How is work progressing on the Rs.5.21-billion Farakka Barrage rail-cum-road bridge project you have bagged from NHAI?
We have completed about 20 per cent of the work, and are confident of completing the project on time. In fact, we recently completed the second milestone – the first phase of building a bridge across Farakka and Malda – in just 180 days against the 360 days given by the government.
How do you ensure faster execution and timely completion of projects?
The first priority for a project should be the selection of project managers and then the manpower. Second, the methodology of the work and its progress. Third, the equipment; and fourth, the mobilisation of materials to reach the site on time.
Which sector contributes the most to the company business?
In the past 30 years, marine works has contributed the most – about 59 per cent – followed by bridges at 17 per cent, with other sectors contributing a combined 24 per cent. Having said that, as of today, as we are progressing, our marine business contributes 40 per cent, bridges 46 per cent, and other sectors 14 per cent. Going forward, too, our focus will remain on our core competency, marine works, followed by bridges.
The company has been awarded contracts in Tirupati Smart City. How aggressive are you on bidding for smart city projects?
We have just started work in this area. We wanted to understand the conditions, as these projects involve collaboration with foreign companies. We are undertaking three projects for Tirupati Smart City at a total of Rs.205 million.
One contract is for rejuvenation of Vinayaksagar Lake, whose beautification and operation and maintenance will be managed by us for five years. The other two are contracts for design, execution, operation and maintenance of sports arenas at Indira Maidan and Sri Srinivasa Sports Complex. Once we are halfway through these projects, we will start bidding for other smart cities projects as well.
Tell us about the company’s performance last fiscal. What are your expansion and growth plans going forward?
In four years, we have grown from just about Rs.700 million to Rs.2.45 billion, which is quite a good jump. We want to stabilise this for sometime and assess if we are growing the right way. We focus on looking at bottomlines rather than toplines.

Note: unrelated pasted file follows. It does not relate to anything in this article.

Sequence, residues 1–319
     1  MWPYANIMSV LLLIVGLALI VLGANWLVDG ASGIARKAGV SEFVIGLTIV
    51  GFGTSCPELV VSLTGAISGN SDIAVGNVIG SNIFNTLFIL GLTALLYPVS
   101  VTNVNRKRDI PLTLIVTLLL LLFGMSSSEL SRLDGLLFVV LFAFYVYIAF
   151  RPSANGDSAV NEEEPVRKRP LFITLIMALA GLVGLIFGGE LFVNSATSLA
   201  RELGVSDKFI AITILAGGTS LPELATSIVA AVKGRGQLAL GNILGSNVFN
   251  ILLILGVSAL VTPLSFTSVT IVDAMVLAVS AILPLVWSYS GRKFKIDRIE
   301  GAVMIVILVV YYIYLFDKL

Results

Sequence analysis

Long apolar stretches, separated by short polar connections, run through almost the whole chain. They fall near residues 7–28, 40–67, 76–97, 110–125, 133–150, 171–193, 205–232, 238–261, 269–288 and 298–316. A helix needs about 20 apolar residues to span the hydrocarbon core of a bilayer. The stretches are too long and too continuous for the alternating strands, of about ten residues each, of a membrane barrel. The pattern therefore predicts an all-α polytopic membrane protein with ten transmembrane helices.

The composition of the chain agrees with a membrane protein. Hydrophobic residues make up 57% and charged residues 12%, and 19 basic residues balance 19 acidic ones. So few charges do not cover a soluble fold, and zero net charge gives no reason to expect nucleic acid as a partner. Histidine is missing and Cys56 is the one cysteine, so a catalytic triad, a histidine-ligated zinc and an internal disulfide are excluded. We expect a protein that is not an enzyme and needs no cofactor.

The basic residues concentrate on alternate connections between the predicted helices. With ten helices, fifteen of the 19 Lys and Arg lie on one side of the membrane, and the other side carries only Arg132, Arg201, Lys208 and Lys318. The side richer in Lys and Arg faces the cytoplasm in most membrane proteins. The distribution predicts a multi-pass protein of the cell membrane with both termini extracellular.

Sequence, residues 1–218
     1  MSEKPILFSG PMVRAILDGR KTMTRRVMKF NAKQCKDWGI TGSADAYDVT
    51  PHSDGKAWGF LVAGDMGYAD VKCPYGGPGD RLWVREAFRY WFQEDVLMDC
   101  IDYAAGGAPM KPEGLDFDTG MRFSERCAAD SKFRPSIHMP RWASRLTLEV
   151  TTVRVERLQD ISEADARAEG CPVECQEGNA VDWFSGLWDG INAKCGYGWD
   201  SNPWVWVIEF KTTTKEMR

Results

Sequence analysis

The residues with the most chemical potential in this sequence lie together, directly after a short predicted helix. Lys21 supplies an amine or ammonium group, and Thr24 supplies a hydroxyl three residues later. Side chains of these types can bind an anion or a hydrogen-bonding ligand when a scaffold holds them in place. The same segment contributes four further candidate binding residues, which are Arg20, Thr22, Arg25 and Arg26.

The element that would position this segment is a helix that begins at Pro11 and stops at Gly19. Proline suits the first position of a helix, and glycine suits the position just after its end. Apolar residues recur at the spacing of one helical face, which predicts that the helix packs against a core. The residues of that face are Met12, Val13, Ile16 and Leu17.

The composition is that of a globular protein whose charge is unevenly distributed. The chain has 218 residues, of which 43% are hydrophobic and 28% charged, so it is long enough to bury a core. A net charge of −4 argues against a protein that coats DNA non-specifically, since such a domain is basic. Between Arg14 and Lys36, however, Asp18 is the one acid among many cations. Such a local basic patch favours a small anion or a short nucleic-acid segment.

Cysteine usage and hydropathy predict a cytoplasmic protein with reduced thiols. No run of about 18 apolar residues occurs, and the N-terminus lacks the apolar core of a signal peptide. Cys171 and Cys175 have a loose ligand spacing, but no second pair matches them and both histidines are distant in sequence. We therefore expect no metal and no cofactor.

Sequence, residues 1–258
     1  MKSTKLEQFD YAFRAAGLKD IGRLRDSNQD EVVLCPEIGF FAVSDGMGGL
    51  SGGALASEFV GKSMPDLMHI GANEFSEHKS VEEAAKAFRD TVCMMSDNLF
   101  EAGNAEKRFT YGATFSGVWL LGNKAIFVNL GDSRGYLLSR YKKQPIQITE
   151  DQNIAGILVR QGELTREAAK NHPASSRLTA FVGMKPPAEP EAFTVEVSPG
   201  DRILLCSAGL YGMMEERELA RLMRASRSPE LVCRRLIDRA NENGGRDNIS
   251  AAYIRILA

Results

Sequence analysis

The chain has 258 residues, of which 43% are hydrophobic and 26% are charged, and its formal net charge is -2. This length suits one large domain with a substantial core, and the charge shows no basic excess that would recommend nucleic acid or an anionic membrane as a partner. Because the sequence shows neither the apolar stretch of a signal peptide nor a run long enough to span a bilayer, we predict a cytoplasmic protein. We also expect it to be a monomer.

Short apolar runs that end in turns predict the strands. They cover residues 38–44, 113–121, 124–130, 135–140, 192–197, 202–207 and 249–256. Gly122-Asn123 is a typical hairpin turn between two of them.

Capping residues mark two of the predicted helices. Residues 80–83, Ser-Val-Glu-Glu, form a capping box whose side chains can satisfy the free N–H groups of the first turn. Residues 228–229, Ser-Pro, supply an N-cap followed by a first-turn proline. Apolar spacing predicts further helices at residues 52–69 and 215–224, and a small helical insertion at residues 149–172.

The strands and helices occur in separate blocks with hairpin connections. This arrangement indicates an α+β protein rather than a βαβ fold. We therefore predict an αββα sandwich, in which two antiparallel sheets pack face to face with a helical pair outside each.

Last year, we had aimed to grow at 15-20 per cent to reach a turnover of `2.75-2.80 billion. However, we achieved a turnover of `2.45 billion because we lost `300-400 million owing to certain land acquisition issues, because of which, we could not start work on time. This year, we are aiming to add another `600-700 million to take our annual turnover to over Rs.3 billion. We then want to stabilise at about Rs.4-5 billion for three to four years and look at the next phase thereon. We will also look at increasing our manpower because I believe it is better to hire manpower in-house, train them and put them on the job, rather than hiring manpower from outside.
Year of establishment: Established as RK Engineers and Contractors in 1985; subsequently incorporated as RKEC Projects in 2006; became a Public Limited Company in November 2016
Top management: G Radhakrishna, Chairman & Managing Director; GV Rammohan, Executive Director.
Areas of operation: Pan-India
Centre of operation: Vizag Segments of operations: Marines, roads, buildings
No. of employees: 280
No. of completed projects: 92
No. of ongoing projects: 11
No. of upcoming projects: 3
Turnover: Rs.2.45 billion
Order book: Rs.7.83 billion.